New Delhi, June 30: Mohammad Aslam, alias Bhure, today moved an application before the Liberhan Commission, asking that A.B. Vajpayee, .K. Advani and Kalyan Singh be summoned for questioning.
The move follows Kalyan’s recent allegation that Advani had ordered kar sevaks to demolish the Babri Masjid in Ayodhya in December 1992 and that Vajpayee was aware of the conspiracy.
It was Bhure’s petition that led the Supreme Court to stay all activities, even on the undisputed land, in Ayodhya.
Senior counsel for Bhure, .P. Sharma, today filed three separate applications urging the commission, which is probing the circumstances leading to the December 6 demolition, to summon the trio. The applications will come up for hearing on July 10.
On June 20, Kalyan alleged that the mosque was demolished under the directions of Advani and other senior Sangh parivar leaders and that they, together with Vajpayee, were “part of the conspiracy” to demolish the masjid.
Kalyan said the leaders had not taken him into confidence though he was the Uttar Pradesh chief minister.
He added that on their assurance, he had filed an affidavit before the Supreme Court, giving an undertaking that the mosque would be protected. Kalyan had accused top Sangh leaders of betraying him.
But the Centre has rebutted Kalyan’s allegations and asserted before the commission that the leaders had no role in the demolition.
Counsel for the Centre, Lala Ram Gupta, said sadhus and sants led the Ayodhya movement whose aim was to arrive at a consensus with Muslims for constructing a Ram temple.
Gupta tried to turn the tables on Kalyan, saying Advani and Murli Manohar Joshi had advised the then chief minister to resign as he had “failed to live up to his assurance to protect the disputed structure”.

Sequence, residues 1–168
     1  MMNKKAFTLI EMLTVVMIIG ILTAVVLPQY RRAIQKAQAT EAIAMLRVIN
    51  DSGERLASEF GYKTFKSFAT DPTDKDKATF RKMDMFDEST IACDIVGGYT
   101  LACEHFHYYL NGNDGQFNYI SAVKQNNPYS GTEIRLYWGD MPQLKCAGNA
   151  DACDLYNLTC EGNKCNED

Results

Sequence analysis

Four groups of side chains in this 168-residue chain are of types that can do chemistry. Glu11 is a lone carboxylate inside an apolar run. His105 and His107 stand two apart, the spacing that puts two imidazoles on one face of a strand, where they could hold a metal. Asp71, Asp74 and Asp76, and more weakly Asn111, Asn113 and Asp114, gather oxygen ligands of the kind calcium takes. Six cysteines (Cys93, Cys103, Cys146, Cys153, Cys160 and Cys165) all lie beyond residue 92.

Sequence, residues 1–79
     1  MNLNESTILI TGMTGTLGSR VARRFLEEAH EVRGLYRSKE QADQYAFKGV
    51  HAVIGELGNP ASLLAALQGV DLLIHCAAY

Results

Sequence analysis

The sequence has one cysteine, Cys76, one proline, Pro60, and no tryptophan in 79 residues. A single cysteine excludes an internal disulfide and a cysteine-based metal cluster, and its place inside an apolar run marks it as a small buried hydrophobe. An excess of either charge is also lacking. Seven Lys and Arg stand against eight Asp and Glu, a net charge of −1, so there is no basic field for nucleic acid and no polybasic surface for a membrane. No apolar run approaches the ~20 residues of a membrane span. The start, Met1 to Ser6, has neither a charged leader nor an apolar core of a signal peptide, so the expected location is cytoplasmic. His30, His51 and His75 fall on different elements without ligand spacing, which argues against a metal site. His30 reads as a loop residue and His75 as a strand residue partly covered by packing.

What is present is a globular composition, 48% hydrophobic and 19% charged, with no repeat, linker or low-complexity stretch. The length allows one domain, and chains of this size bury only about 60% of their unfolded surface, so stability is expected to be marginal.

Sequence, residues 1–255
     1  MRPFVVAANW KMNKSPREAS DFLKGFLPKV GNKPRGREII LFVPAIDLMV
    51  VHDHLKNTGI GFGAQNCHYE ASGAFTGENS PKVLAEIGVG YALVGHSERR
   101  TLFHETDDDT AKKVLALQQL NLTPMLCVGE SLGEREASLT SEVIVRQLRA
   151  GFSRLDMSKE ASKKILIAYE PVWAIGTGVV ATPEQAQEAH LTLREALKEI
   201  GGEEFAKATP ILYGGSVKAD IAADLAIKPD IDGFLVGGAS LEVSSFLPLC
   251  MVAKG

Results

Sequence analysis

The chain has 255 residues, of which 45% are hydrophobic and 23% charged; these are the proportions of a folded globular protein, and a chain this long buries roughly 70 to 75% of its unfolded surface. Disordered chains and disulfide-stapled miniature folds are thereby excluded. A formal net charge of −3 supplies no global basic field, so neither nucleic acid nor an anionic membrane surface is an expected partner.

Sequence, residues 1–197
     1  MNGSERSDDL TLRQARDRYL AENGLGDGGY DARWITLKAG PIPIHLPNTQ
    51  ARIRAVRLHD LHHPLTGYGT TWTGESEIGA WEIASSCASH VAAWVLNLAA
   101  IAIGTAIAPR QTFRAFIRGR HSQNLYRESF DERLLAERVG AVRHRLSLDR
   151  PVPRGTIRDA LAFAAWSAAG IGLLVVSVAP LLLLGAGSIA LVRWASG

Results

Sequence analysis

The counsel said Vajpayee and Advani had told Kalyan to take the necessary steps to ensure the mosque was protected.
“The responsibility and duty of making all security arrangements lay with the state government and the administration (headed by the chief minister),” Gupta said.
After the demolition, “Singh accepted the advice (to quit) and resigned with his council of ministers”, the counsel said.
In his written submission, Gupta told the commission that Advani, Joshi and Uma Bharti never made any provocative “anti-Muslim” speech. To support his argument, the counsel quoted the reports of then BBC correspondent Mark Tully and Polish author Koenraad Elst’s book Saffron Swastika as saying the “leader of the Ayodhya campaign, .K. Advani, was never caught in the act of making a single anti-Muslim remark”.
Gupta added: “Joshi advocated that the Ayodhya issue be settled through negotiation or legislation and never by force. In fact, both Advani and Joshi during their rath yatra (in 1990) asked kar sevaks not to proceed towards Ayodhya.”
The counsel said Advani and Joshi tried desperately to contact Kalyan in order to control the mob but the telephones were not working. By the time they contacted Kalyan, it was too late.
Panel term extended
The term of the commission has been extended by six months. A home ministry notification said here today: “The term of the Liberhan Ayodhya commission of inquiry has been further extended up to December 31, 2003.”